Rule #3 – Follow a format. Every correspondence you send is a reflection of you and your organization. Therefore, at a minimum, each e-mail needs to have these elements – a greeting, a skipped line before and after each paragraph, a closing or call for action, and a signature (which identifies you and provides alternate ways to contact you).

Rule #4 – Spell check. While spell check can accurately check for misspellings, it won’t recognize all errors. Before you hit the send button, check every e-mail for spelling, punctuation, and grammar. An e-mail filled with multiple errors is not only difficult to read and understand; it tests the patience of the recipient, who may decide your message has no value and simply is not worth reading.

Rule #5 – Send messages to your outbox first. Disable the “auto send” feature in your e-mail software and, instead, have messages sent to the “outbox” first. This gives you a second chance to review your e-mail for content and intent. If your e-mail is a reply, you will now be able to reread the original message to be sure you didn’t misunderstand the message. When in doubt, seek clarification before responding.

As a rule, always wait at least 24 hours before responding to a heated e-mail. This is often enough time to cool off and think clearly. Reread the message and ask yourself if you misinterpreted the e-mail. If so, at least now you can hit “delete” instead of “send.” Remember to always communicate with integrity and respect.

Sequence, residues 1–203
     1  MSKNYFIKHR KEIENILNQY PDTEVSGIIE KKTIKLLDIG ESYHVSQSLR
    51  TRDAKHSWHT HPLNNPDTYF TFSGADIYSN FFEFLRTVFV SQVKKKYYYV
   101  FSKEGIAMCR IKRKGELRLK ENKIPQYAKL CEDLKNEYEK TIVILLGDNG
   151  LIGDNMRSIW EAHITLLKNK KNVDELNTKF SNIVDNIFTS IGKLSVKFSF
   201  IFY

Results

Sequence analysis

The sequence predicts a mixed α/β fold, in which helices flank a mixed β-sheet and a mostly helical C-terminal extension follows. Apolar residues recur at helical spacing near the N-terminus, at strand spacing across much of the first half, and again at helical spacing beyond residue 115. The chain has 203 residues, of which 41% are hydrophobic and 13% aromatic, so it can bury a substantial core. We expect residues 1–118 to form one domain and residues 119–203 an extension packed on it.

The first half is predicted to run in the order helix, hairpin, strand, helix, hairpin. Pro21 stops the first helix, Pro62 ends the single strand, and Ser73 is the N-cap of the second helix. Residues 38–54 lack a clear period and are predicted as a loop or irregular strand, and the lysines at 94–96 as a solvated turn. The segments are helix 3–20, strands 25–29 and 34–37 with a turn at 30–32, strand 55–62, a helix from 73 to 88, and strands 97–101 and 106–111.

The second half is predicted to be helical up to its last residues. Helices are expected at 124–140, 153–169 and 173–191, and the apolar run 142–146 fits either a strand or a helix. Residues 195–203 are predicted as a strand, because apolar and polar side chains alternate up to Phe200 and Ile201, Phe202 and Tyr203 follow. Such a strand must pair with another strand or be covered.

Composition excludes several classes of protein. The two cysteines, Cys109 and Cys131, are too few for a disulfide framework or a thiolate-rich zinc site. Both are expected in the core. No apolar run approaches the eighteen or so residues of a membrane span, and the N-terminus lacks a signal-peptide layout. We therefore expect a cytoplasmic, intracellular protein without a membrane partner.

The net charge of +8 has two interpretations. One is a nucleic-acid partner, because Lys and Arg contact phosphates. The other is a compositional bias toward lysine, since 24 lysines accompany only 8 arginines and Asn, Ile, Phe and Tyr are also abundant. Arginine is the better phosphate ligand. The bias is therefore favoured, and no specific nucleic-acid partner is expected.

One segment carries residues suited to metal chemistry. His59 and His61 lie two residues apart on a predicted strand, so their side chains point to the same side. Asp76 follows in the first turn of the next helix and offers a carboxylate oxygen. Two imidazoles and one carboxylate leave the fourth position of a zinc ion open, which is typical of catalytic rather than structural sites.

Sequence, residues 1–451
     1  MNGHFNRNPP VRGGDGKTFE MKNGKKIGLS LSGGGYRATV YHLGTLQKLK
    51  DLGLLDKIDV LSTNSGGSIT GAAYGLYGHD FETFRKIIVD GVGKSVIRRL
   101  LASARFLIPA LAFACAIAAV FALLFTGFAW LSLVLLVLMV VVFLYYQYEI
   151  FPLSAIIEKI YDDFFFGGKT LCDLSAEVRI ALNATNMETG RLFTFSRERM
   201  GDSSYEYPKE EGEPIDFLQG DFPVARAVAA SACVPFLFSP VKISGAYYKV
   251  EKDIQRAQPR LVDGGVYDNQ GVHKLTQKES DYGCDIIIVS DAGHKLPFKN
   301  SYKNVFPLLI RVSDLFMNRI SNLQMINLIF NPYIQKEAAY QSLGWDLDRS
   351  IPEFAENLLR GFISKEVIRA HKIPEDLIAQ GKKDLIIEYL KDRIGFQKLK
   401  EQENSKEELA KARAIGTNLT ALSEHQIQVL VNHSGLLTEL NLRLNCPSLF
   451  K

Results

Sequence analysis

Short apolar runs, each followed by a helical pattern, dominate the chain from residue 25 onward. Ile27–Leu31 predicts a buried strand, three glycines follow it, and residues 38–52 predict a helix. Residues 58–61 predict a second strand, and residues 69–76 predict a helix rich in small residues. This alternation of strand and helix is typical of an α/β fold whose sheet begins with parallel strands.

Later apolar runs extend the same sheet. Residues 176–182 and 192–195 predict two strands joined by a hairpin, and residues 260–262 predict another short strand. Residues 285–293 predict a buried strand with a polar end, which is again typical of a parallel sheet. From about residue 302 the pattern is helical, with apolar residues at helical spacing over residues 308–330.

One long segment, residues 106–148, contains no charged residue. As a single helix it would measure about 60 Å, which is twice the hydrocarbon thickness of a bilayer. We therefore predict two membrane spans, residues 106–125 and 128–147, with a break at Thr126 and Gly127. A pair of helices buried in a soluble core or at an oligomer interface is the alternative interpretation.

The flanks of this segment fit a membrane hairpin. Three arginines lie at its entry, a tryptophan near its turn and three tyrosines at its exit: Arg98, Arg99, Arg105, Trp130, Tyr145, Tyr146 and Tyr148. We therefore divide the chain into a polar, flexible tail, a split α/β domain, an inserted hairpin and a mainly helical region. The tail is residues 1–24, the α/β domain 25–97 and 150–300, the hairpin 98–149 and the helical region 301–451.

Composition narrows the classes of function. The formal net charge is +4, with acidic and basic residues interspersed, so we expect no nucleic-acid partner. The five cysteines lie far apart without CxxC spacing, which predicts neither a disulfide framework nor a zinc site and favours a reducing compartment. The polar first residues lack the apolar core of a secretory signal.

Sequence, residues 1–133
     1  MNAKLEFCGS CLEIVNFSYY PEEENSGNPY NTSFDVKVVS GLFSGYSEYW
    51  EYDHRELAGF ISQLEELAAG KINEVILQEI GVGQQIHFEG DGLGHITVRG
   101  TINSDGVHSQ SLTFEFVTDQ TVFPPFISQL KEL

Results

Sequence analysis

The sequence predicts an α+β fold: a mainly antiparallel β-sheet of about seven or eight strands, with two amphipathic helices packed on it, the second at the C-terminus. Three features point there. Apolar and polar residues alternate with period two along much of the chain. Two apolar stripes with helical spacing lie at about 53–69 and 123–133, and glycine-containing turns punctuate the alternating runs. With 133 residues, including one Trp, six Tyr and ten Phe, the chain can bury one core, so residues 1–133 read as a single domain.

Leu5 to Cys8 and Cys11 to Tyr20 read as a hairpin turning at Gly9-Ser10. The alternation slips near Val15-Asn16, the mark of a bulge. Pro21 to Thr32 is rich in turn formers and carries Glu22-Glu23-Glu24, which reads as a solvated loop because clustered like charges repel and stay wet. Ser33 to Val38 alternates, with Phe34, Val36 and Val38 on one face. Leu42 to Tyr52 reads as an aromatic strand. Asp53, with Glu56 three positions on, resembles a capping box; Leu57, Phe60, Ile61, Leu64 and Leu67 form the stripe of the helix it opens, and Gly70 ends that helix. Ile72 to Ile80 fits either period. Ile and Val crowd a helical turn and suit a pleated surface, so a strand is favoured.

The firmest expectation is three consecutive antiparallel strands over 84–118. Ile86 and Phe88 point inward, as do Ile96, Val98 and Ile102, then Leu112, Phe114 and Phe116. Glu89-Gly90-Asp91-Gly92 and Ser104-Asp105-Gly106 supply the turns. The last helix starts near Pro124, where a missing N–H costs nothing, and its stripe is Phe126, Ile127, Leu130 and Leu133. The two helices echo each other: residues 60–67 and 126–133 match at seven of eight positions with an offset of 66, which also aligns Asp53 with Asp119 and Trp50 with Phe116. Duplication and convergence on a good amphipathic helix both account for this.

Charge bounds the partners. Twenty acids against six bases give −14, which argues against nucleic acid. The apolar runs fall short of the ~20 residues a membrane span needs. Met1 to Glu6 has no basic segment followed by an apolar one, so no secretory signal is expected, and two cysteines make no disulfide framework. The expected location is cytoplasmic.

Rule #6 – Avoid writing in all caps. Text written in all caps is hard on the eyes and is difficult to read. More importantly, all caps in an e-mail SCREAMS at the reader. Better to write in upper and lower case. If you need to draw attention to a word, consider using bold or italics for the emphasis.

Rule #7 – Reply to all sparingly. When you respond to a mass e-mail (a message sent to multiple recipients), determine whether everyone listed needs to receive your reply. If a reply to the sender only is sufficient and appropriate, hit the “reply” vs. the “reply to all” button to cut down on multiple and unnecessary mail.

Rule #8 – Stay current. Just like voice mail, be sure to keep your auto-reply message up-to-date. An outdated auto-reply is as bad as dated voice mail – information that serves no purpose.